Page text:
“No one who puts a hand to the plow and looks back is fit for the kingdom of God.”
These seem like harsh words from Jesus:
“No one who puts a hand to the plow and looks back is fit for the kingdom of God.”
Most days, we are not fit for the kingdom.
Because most days, our commitment to the cause of the Kingdom of God wavers.
We look back.
We wonder: what if?
It is human to put our hand to the plough - and look back.
What are we to make of these words of Jesus that condemn our often half hearted commitment?
Let's look, first of all at the other readings in our Lectionary this morning.
I love the stories of the prophets Elijah and Elisha.
Their stories in 1 and 2 Kings are very visual and very dramatic.
Most of us can probably recall lots of the things that happened to Elijah and Elisha, perhaps from stories told to us in Sunday School.
Like the story of the widow, whose jar of oil and flour never ran out.
Or whose son died and Elijah brought back to life.
We recall stories of Elijah calling down fire, taunting the prophets of Baal.
Or fleeing God and being fed by Ravens.
Meeting God, not in the earthquake,wind or fire, but in the still, small, voice.
Being caught up in a cloud of fire and passing on the mantle to Elisha.
The stories of Elijah and of Elisha have often spoken to me at significant times in life, when God was prompting me, nudging me into something new.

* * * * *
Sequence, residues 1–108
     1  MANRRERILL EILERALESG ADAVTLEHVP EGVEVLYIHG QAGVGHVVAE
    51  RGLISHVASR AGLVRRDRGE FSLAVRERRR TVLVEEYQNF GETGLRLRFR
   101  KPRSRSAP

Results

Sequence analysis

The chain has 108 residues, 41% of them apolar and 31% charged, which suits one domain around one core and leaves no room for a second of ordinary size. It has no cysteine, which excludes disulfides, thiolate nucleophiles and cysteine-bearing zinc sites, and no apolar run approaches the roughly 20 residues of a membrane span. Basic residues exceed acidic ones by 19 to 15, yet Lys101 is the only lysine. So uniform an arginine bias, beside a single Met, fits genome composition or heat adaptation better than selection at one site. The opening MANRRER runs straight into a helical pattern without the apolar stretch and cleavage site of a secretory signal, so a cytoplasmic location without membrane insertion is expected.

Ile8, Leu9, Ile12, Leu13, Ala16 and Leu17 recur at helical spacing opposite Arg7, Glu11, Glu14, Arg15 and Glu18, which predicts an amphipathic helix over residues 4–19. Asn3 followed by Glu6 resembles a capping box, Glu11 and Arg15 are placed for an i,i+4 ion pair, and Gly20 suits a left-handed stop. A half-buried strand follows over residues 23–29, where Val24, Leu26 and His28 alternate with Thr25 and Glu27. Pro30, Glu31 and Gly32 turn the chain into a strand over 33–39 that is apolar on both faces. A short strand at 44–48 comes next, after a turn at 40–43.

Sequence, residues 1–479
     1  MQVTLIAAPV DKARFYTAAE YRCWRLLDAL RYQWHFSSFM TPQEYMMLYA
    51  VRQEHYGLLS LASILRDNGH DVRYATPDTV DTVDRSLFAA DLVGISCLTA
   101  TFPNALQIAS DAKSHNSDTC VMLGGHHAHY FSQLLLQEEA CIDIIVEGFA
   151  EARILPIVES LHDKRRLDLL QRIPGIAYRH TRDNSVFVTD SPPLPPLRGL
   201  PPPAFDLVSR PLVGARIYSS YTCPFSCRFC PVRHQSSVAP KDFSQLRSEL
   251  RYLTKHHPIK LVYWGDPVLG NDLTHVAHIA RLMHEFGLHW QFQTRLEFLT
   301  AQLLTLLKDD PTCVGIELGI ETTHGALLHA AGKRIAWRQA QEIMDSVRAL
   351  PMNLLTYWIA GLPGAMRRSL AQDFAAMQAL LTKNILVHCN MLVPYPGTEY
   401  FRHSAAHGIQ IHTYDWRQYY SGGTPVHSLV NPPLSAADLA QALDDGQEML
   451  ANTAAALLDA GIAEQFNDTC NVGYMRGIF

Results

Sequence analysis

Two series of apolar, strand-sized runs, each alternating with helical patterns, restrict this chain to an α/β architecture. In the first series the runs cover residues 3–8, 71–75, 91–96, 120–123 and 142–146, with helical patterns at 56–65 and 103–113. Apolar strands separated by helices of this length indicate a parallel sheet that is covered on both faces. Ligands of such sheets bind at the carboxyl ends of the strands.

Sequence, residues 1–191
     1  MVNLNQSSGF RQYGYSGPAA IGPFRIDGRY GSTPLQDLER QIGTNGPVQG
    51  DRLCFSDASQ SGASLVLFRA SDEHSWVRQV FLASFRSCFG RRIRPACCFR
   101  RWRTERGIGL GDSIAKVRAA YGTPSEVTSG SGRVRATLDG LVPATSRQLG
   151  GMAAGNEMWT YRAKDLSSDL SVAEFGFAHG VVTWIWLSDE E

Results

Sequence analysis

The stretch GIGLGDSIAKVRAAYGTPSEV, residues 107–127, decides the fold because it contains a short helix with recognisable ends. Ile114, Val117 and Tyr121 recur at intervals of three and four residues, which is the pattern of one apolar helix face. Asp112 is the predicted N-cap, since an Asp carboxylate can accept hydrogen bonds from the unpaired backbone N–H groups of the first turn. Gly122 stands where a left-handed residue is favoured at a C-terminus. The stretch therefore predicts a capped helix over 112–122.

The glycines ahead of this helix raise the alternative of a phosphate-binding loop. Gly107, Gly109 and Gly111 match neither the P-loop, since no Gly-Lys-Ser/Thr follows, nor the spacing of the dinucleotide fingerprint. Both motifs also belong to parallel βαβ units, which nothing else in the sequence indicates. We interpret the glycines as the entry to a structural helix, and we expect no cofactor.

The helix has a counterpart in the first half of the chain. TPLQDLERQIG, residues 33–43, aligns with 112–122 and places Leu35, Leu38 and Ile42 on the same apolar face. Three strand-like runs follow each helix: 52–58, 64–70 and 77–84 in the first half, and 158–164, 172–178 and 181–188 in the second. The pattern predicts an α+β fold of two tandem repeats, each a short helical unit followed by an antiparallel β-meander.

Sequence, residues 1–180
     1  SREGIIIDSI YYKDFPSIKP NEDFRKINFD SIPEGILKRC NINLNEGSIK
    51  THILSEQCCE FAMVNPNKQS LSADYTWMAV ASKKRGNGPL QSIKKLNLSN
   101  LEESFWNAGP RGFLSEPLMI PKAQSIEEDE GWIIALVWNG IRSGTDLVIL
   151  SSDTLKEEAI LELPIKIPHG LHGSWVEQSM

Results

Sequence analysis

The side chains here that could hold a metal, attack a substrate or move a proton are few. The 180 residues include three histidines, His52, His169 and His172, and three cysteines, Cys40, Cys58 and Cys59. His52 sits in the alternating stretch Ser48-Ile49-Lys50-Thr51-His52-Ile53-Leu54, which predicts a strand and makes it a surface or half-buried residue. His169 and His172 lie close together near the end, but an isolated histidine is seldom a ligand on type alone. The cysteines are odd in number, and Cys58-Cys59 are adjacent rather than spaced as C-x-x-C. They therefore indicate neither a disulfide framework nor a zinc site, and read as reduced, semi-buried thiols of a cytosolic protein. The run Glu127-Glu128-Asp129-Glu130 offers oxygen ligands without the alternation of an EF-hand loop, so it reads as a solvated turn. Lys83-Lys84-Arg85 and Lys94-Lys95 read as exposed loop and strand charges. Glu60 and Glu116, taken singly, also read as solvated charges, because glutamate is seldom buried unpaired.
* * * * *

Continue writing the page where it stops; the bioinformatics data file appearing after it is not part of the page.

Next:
So I'm always pleased but also a little bit wary, when Elijah or Elisha pop up in daily devotions or in the Sunday readings.
In our reading in 1Kings this morning, we see Elijah preparing for the time when he must pass on the mantle of Prophet - a role he has held reluctantly, a role he has often felt unprepared for and overwhelmed by.
Elijah does as God asks - he casts his mantle on Elisha.
But he expects Elisha to carry on with his life until the time comes for him to take over.
As we read in the text, Elisha was having none of that.
If he has to take on the role of a prophet, he is going to make sure that he learns all he can before the mantle is his.
So he quickly wraps up his affairs and goes after Elijah so that he can walk alongside the prophet and learn firsthand, the tasks that one day will be his.
How much sense does that make.
How much easier is it to do something if we have watched someone else do it.
We can read up on things.
We can listen to instructions.
But, when we get to actually see someone do something, even do it with them, we learn so much more.
That's what Jesus did with his disciples.
He called them to follow him and then he journeyed with them.
Sure he taught them.
He told them stories.
He challenged them.
But, for the most part, he simply showed them how to be disciples.
He invited them to be part of his life.
He journeyed with them.
And they learned to initiate him.
I think that's a really important model for Jesus' followers to use today.
Before we teach people about faith.
Before we give them all the information we think they might need.
Why don't we invite them to journey with us.
To learn about faith from us?
Not by what we say - but by what we do.
That's quite a scary thought, isn't it?
That we might mentor others into faith.
That others might learn by seeing what we do, how to follow Jesus.